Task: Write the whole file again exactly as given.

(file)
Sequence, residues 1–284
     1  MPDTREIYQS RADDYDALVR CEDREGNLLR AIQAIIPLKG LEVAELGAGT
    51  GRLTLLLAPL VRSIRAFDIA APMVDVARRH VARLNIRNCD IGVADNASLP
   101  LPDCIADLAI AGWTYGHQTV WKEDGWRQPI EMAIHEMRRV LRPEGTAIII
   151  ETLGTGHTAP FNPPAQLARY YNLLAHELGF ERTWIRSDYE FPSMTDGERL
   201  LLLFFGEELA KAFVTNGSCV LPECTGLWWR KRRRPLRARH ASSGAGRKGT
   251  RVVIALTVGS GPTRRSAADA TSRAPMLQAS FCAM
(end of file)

Sequence, residues 1–284
     1  MPDTREIYQS RADDYDALVR CEDREGNLLR AIQAIIPLKG LEVAELGAGT
    51  GRLTLLLAPL VRSIRAFDIA APMVDVARRH VARLNIRNCD IGVADNASLP
   101  LPDCIADLAI AGWTYGHQTV WKEDGWRQPI EMAIHEMRRV LRPEGTAIII
   151  ETLGTGHTAP FNPPAQLARY YNLLAHELGF ERTWIRSDYE FPSMTDGERL
   201  LLLFFGEELA KAFVTNGSCV LPECTGLWWR KRRRPLRARH ASSGAGRKGT
   251  RVVIALTVGS GPTRRSAADA TSRAPMLQAS FCAM